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How to best avoid injuries for amateur runners

Do you know someone that has recently joined the cult that is running?

You know the type – brand new shoes, top of the line earphones, and their biggest concern is whether they should be logging their runs on Strava or Nike Run Club. If you don’t know someone like this, then it’s probably you. 

What you may also have realised then, is that a large portion of these new runners will be forced to stop just as they’re hitting their stride… no pun intended. And just like that, the shoes start gathering some dust, and the apps are taking up precious iPhone storage.   

Why do we run???

Now let’s make one thing clear, running is fantastic for your body and your mind, and unfortunately there are many misconceptions about it that simple aren’t true *cough cough… “running is terrible for your knees”… cough cough* 

The physical and psychological benefits are endless. So, whilst your friends might love the idea of you taking a step back, this article is all about explaining WHY amateur runners are so prone to injuries, and HOW to prevent it from happening. 

More specifically, this article is referring to running related injuries that build up over a number of runs, or maybe become more noticeable over the course of a few weeks, and they seemingly have no real cause or trauma. 

If there are 2 things you take from this article, I hope that you gain a basic understanding of the following ideas, and how important their relationship is. This information alone could be the difference between you reaching your running goals, and you feeling like you constantly keep hitting injury roadblocks.

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Load Capacity / Tissue Tolerance

These terms effectively have the same meaning. Basically, it is how much load or force that your body/tissue is used to taking, or has the capacity to take. If you are about to go for your first run in 5 years, it is important to understand that your tissue tolerance is low and must be gradually built up. Alternatively, if you are a more experienced runner that has been at it for years, naturally your load capacity or tissue tolerance is going to be higher.

Training Load

Put in simple terms, this means how much work/training you are doing. If somebody is running 15 kilometres per week, broke up into 3x 5km runs, this is their training load. One must be careful when interpreting this information. Just because you have been running 15 kilometres per week, doesn’t mean you should go and try doing that same distance in just 1 run, as your body is not used to this, and it is a big jump.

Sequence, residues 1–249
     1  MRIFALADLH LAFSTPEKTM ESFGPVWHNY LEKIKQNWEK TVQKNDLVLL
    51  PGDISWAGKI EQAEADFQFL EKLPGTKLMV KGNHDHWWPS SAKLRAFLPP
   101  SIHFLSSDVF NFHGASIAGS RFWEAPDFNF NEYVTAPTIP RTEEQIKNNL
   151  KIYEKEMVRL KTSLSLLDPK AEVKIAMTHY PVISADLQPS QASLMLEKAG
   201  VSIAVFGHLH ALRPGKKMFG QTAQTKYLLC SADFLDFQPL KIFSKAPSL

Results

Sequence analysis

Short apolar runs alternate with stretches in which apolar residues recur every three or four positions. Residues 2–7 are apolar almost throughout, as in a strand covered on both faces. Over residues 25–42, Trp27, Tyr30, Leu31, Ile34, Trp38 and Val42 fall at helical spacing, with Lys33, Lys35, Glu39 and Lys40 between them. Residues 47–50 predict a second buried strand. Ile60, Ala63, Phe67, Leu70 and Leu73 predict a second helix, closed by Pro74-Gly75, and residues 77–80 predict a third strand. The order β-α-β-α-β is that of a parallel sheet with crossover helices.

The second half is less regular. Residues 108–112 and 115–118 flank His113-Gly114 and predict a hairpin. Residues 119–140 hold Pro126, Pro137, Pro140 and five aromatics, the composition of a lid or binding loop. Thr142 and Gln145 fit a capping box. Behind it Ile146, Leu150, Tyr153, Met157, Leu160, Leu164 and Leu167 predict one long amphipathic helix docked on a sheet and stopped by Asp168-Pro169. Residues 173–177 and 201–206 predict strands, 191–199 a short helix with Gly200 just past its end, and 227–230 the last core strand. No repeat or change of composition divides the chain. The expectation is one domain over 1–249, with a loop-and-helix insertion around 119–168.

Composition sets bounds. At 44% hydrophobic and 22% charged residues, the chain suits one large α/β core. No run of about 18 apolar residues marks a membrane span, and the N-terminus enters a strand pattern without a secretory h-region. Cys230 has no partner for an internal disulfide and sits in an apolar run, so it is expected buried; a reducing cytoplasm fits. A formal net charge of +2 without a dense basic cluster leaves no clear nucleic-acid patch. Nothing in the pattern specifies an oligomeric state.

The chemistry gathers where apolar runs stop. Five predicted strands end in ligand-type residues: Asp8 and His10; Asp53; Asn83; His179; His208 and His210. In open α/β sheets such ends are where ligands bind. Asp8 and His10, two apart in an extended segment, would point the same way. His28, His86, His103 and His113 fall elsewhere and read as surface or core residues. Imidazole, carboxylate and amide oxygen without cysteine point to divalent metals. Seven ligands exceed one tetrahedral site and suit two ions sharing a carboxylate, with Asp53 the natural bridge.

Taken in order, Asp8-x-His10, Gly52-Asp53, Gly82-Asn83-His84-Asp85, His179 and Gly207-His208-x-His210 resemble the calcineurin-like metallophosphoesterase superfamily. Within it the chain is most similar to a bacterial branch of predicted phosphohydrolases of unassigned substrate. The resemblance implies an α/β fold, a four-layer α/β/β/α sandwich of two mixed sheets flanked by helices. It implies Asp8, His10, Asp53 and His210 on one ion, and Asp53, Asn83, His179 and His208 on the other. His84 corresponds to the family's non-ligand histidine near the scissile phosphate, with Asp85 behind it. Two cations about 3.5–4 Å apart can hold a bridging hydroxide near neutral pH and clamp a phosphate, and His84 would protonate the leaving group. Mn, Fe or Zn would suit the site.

But what do these terms have to do with injuries?

It is simple, if your training load is exceeding your tissue tolerance, you are on a one-way trip to a running injury. This deficit in load and tolerance is known as a training load error, and they are the cause of more than 90% of running injuries.

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How to increase your training load without exceeding your tissue tolerance?

Whilst simply increasing your running distance by tiny increments at a time is a good start, it is unfortunately not the only piece of the puzzle. The good news is, there are 2 simple words that can not only speed up the process and get you where you want to be faster (again, no pun intended), but they will actually improve your performance more than you could’ve imagined. Those 2 words are…

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Resistance Training 

Yes, building the strength of your muscles and their tissues will in fact improve your running performance. This doesn’t mean hitting the gym every day and lifting the heaviest weights you can. It could be as simple as isolating a muscle group that is lagging behind and performing 1 or 2 basic exercises at home to help them catch up.

So....what now?

Does any of this sound relevant to you? If so, get down to your local physiotherapist ASAP!

A physiotherapist can help you by…

  • Perform a thorough assessment of your body and identify what areas may need strengthening 
  • Provide you with thorough education on your injury, or how to avoid future injuries
  • Identify a training load error, and work with you to adjust your running and training habits to ensure this doesn’t happen again 
  • Set you up on a simple and specific program tailored to you

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